Are FIIs ahead of the curve? Or are they oblivious to the data collated by the IMF in its Report – a classical case of a willing suspension of disbelief? Are their investment process disconnected from fundamentals? Are our stock markets driven mainly by liquidity, mostly foreign investment, and consequently less by performance?
Whatever be it, the fact remains that our stock markets are excessively dependent on foreign money. But should the FIIs turn around and link their investment to performance and earnings, certainly the copious FII flow of the past year or so could well evaporate. Forget inflows, worryingly, that could even turn into an exodus from India.
The possible depreciation of the Rupee on account of the exit of these foreign investors is a larger macroeconomic imbalance that needs to be cognised and tackled by our policy framers upfront.
Readers may be aware that we run gargantuan trade and current account deficits. To finance these deficits we need significant and continuous forex flows – year after year. FII flows, it must be noted, counterbalance our current account deficits. That explains why there is always a policy bias in favour of foreign flows into India. This structural weakness of the Indian economy is in fact its Achilles Heel.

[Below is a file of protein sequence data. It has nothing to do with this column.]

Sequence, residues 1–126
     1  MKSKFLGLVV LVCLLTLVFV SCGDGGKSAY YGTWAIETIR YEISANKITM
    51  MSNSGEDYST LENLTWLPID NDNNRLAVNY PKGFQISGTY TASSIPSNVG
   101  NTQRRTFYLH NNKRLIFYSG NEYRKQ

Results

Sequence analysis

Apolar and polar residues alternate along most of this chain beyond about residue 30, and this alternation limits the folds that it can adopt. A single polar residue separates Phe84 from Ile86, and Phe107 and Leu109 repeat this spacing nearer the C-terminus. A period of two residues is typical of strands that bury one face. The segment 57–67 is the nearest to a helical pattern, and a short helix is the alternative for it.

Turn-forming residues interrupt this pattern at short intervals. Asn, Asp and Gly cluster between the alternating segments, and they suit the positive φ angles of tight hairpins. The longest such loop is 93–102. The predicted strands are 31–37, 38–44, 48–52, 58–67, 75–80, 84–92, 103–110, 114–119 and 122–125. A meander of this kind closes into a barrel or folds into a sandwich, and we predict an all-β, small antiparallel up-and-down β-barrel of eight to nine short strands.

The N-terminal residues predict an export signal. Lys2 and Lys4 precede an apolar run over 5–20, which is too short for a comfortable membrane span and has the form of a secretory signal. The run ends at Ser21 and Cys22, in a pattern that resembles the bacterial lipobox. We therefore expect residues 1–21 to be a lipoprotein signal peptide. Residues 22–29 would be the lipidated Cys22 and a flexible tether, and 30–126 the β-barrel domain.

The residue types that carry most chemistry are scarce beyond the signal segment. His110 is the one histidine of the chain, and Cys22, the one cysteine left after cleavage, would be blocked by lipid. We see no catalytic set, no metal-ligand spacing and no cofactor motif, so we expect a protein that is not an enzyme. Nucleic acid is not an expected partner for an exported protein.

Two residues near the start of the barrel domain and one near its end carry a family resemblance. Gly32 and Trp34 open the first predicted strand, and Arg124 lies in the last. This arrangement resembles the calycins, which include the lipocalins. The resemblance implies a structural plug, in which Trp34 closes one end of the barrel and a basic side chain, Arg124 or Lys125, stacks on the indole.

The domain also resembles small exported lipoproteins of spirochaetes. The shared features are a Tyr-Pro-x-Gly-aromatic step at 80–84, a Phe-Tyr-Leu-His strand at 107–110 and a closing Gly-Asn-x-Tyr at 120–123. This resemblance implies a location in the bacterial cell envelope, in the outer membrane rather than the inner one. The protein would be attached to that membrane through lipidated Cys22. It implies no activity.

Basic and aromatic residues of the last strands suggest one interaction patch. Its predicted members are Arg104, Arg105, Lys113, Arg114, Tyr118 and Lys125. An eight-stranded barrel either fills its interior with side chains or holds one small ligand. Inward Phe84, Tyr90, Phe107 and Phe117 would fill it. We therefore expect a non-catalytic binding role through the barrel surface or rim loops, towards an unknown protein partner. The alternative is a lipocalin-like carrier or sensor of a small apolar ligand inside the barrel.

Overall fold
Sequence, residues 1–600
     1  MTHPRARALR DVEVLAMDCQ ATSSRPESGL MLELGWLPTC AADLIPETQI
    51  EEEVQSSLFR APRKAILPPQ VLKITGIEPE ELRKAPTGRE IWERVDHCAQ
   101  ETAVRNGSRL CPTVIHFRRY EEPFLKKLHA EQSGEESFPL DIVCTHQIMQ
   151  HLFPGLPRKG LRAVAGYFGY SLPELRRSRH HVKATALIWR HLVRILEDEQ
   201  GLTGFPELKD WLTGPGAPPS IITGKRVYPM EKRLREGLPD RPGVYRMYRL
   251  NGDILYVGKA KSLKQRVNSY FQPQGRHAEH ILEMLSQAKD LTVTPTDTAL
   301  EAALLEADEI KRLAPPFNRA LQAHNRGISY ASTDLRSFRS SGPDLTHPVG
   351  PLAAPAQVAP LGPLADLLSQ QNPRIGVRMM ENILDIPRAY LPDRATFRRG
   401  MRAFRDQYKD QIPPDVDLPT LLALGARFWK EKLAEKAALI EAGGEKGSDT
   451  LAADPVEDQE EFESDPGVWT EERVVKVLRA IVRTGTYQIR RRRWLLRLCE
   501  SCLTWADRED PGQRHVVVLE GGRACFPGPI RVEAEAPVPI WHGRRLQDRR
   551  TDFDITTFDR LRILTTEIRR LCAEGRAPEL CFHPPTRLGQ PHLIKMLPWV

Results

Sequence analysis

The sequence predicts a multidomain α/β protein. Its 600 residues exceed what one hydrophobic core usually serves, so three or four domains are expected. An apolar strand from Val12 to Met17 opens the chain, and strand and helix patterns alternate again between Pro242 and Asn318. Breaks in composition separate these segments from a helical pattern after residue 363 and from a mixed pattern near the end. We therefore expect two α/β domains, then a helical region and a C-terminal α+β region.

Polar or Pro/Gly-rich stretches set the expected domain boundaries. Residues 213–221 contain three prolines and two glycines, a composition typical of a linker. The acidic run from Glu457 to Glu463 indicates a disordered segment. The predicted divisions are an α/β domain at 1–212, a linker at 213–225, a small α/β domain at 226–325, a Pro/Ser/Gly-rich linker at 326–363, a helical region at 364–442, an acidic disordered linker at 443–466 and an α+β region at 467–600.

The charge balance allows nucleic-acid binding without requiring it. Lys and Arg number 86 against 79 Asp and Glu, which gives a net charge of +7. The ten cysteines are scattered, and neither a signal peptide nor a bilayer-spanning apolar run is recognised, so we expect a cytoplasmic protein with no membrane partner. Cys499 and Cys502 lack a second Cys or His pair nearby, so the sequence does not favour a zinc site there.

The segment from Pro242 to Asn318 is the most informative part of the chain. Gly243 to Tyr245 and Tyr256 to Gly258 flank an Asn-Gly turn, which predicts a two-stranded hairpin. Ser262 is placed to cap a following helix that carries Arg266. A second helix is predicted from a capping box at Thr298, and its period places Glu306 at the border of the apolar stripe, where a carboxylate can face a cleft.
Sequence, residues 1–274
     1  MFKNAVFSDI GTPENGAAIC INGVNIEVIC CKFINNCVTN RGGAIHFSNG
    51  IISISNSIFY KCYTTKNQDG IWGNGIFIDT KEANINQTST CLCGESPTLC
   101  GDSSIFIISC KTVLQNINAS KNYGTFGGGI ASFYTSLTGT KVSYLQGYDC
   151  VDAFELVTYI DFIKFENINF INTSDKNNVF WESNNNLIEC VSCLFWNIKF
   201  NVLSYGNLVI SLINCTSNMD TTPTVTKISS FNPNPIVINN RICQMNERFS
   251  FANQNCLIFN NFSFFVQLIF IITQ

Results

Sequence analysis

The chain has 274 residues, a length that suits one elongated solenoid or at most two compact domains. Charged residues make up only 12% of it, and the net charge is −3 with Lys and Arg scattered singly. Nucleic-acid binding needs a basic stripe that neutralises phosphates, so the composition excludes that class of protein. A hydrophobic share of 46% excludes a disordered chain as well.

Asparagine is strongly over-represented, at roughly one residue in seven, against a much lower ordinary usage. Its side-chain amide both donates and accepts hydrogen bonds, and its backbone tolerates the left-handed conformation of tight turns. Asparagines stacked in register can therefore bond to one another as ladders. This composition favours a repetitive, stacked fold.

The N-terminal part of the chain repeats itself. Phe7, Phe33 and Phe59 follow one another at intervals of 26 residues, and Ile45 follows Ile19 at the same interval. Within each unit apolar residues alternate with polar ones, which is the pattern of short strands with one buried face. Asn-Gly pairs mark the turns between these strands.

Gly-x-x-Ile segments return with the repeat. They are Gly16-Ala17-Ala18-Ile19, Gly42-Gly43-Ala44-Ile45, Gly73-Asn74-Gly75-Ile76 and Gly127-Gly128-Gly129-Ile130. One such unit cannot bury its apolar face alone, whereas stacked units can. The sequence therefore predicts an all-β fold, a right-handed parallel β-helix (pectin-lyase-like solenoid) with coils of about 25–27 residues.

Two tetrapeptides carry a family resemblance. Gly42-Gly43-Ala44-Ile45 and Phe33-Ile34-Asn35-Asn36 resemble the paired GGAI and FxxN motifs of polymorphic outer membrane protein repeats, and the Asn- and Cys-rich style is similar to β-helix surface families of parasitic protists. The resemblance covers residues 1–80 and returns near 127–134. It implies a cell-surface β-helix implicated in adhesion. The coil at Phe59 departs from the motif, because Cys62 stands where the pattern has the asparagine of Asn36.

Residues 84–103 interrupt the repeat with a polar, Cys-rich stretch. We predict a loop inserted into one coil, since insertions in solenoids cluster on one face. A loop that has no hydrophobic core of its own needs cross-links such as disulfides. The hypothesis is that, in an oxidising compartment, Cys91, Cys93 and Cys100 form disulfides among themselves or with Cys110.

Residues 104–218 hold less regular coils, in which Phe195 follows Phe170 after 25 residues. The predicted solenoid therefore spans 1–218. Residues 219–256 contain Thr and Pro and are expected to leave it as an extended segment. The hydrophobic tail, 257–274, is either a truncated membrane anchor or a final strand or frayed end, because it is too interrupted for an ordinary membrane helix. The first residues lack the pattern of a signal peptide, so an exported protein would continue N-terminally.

On the positive side over the years the country did leverage the balance sheet of its corporates in the aggregate to finance its trade deficits by liberalising FII flows. On the other hand chronic trade deficit implies Indian businesses were defeated by imports even within India, most of which were from China and other developing countries. This explains substantially if not wholly the poor financial performance of our corporates now.
Moreover, policy paralysis ensured that several projects were stalled. The net effect of all this was that while corporate performance did not match the corporate debt build up.
That is not all. Indian corporates have investment in excess of USD 100 Billion outside India. Again in the run up to the Budget 2015 I had pointed out to the fatal flaw in the outbound foreign direct investment program of Government of India.
Surely, weak corporate performance is a cause of worry. As corporate performance come increasingly under scrutiny I am sure foreign investment may well dry up. This in turn could add to the pressure on the Balance of Payment position. Needless to emphasise exit by foreign investors even marginally could add to the downward pressure on the Rupee.